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Thread: testing Teensy comparator

  1. #1
    Junior Member
    Join Date
    May 2017
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    19

    testing Teensy comparator

    Hi,
    for a project I needed a comparator with some filtering features. Teensy 3.2 comparators are matching this requirement very well.

    To check the necessary settings I made a test setup with a simple circuit, see attachment, and the following sketch:

    void setup() {
    byte cnt=1;
    char cin;
    char cmd[12];
    byte cidx=0;
    byte p1, p2;

    Serial.begin(38400);
    while ( !Serial ) ;

    Serial.println("Start");

    Serial.print(F("CORE_PIN10_CONFIG="));Serial.print ln(CORE_PIN10_CONFIG,HEX);
    CORE_PIN10_CONFIG = PORT_PCR_MUX(6); // CMP1_OUT auf Pin 10
    Serial.print(F("CORE_PIN10_CONFIG="));Serial.print ln(CORE_PIN10_CONFIG,HEX);

    CMP1_Init();
    Comp1SetOn(0, 7);

    Serial.print("CR0="); Serial.println(CMP1_CR0, HEX);
    Serial.print("CR1="); Serial.println(CMP1_CR1, HEX);
    Serial.print("FPR="); Serial.println(CMP1_FPR, HEX);
    Serial.print("SCR="); Serial.println(CMP1_SCR, HEX);
    Serial.print("DACCR="); Serial.println(CMP1_DACCR, HEX);
    Serial.print("MUXCR="); Serial.println(CMP1_MUXCR, HEX);

    pinMode(18,OUTPUT);
    tone(18,5000);
    pinMode(6,OUTPUT); // PWM
    pinMode(7,OUTPUT); // Test INtr.

    while (1) {
    if (CMP1_SCR & 1) digitalWrite(11,HIGH);
    else digitalWrite(11,LOW);

    if (Serial.available()) {
    cin=Serial.read();
    if (cin>20) {
    cmd[cidx++]=cin;
    }
    else if (cin==10) { // fertig
    cmd[cidx]=0;
    cidx=0;
    Serial.print("cmd=");Serial.println(cmd);
    switch (cmd[0]) {
    case 'C': // CRO oder CR1
    p1=byte(atoi((char*)(&cmd[4])));
    p2=byte(atoi((char*)(&cmd[6])));
    if (cmd[2] == '0') { // p1=Filter_cnt, p2=Hysterese
    if (p1 >7) p1=7;
    if (p2 >3) p2=3;
    CMP1_CR0 = (p1<<4) | p2;
    Serial.print("CR0=");Serial.println(CMP1_CR0,HEX);
    }
    else { // p1=COS, p2=OPE
    CMP1_CR1 = B00010001 | ((p1 & 1)<<2) | ((p2 & 1)<<1);
    Serial.print("CR1=");Serial.println(CMP1_CR1,HEX);
    }
    break;
    case 'F': // FPR
    p1=byte(atoi((char*)(&cmd[4])));
    CMP1_FPR = p1;
    Serial.print("FPR=");Serial.println(CMP1_FPR,HEX);
    break;
    case 'D': // DAC
    p1=byte(atoi((char*)(&cmd[4]))); // VRSEL
    p2=byte(atoi((char*)(&cmd[6]))); // VOSEL (0..63)
    CMP1_DACCR = B10000000 | ((p1 & 1)<<6) | (p2 & 63);
    Serial.print("DAC=");Serial.println(CMP1_DACCR,HEX );
    break;
    case 'M': // MUX
    p1=byte(atoi((char*)(&cmd[4]))); // PSEL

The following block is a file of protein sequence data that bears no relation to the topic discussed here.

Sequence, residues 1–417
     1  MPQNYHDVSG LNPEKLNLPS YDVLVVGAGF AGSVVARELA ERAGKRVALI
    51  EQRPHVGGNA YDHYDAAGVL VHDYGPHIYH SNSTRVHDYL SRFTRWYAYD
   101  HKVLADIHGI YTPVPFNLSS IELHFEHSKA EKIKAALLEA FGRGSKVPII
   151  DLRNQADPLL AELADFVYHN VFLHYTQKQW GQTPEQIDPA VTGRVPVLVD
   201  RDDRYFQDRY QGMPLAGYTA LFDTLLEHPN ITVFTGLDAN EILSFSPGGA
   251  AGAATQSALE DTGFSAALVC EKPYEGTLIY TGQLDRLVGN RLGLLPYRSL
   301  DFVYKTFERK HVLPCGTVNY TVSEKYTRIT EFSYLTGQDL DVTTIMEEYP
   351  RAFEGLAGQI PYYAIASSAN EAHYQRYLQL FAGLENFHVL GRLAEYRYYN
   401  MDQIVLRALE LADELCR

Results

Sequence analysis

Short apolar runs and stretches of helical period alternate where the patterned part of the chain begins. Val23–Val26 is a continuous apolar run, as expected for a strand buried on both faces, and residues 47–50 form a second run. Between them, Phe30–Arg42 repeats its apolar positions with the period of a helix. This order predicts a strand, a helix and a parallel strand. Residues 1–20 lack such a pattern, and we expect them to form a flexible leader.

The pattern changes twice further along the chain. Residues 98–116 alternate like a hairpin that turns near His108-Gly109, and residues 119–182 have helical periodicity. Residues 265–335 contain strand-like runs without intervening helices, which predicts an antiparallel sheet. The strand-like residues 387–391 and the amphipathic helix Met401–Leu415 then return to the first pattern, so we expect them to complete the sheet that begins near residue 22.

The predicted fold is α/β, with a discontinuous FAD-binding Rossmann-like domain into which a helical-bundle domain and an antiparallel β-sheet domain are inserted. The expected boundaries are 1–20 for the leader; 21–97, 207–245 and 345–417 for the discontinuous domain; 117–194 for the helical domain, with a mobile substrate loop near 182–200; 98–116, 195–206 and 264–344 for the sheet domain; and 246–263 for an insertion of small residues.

p2=byte(atoi((char*)(&cmd[6]))); // MSEL
    CMP1_MUXCR = ((p1 & 7)<<3) | (p2 & 7);
    Serial.print("MUX=");Serial.println(CMP1_MUXCR,HEX );
    break;
    case 'a': // aW, analogWrite
    p1=byte(atoi((char*)(&cmd[3]))); // analogWrite(..)
    analogWrite(6,p1);
    Serial.print("aW=");Serial.println(p1);
    break;
    case 'I': // Interrupt on=1, off=0
    if (cmd[4] == '1') Comp1EnableIntrpt(CHANGE);
    else Comp1DisableIntrpt();
    break;
    } // switch
    }
    }

    }

    }
    In the same directory as the sketch there is a .h and a .cpp file, see attachment. These files have been derived from the library analogComp which is available on GitHub, https://github.com/leomil72/analogComp.
    For my project I needed comparator 1. Therefore the software is written for CMP1. But it can easily be adapted to the other comparators.

    To avoid the tedious loops with editing, compiling and upload the sketch provides some commands via the Serial Monitor to vary comparator settings:
    CR0 FILTER_CNT HYSTCTRL
    CR1 COS OPE
    FPR value (0..255)
    DAC VRSEL VOSEL
    MUX PSEL MSEL
    aW value (0..255)
    INT en (1 or 0)

    The statement CORE_PIN10_CONFIG = PORT_PCR_MUX(6); at the beginning of setup() activates pin 10 as output of the comparator, see K20P64M72SF1RM_Manual.pdf, chapter 10.3.1.
    The output of the comparator can be observed
    - on pin 10, CMP1 output linked to pin 10
    - on pin 7, if interrupts are enabled, see cmp1_isr() in COMP1.cpp
    - on pin 11, the sketch is checking the CMP1_SCR register

    With a dual channel oscilloscope it is easy to observe the behaviour of the comparator (ch1 at M1, ch2 at pin 10 or 7 or 11 - see circuit in the attachment) when varying the settings via the commands.

    For my project I needed to suppress small pulses on the comparator input. With FILTER_CNT=7 and CMP1_SCR=255 pulses up to 46 usec width will be suppressed. This can be tested by linking pin 6 to pin 23 (of course after removing connection to M1) and varying the pulse width on pin 6 with the command "aW value".

    This test setup proved very usefull for my objectives.
    Hopefully somebody else can use it successfully too.

    NikoTeen
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